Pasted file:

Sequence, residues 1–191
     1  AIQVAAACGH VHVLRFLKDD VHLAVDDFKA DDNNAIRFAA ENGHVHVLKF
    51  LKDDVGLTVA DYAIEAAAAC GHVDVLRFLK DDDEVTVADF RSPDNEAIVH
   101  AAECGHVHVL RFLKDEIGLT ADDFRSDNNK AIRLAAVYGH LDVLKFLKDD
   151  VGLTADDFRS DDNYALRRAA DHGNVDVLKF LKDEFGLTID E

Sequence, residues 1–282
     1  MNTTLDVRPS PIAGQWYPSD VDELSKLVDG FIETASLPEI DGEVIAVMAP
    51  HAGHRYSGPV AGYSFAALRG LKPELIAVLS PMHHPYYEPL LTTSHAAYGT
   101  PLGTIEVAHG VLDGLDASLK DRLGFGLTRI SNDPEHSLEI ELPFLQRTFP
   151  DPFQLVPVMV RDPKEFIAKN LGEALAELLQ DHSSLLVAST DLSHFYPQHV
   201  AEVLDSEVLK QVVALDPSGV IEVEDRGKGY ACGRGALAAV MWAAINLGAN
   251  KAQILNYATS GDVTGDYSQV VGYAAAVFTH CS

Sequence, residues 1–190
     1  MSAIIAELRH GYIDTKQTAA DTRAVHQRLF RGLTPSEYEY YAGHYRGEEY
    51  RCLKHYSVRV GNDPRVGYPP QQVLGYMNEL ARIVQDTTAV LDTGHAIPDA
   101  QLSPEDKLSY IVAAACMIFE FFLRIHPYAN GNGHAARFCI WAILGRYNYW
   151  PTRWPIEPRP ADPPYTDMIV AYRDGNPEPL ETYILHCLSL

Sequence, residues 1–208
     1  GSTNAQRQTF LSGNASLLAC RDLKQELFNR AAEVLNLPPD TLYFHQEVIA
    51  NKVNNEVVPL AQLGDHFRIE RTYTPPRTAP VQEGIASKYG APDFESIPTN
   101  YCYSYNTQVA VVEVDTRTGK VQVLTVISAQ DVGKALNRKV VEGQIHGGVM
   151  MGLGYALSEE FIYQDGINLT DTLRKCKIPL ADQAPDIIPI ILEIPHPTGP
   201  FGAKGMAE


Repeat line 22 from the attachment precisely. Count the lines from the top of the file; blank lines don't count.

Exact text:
   151  MGLGYALSEE FIYQDGINLT DTLRKCKIPL ADQAPDIIPI ILEIPHPTGP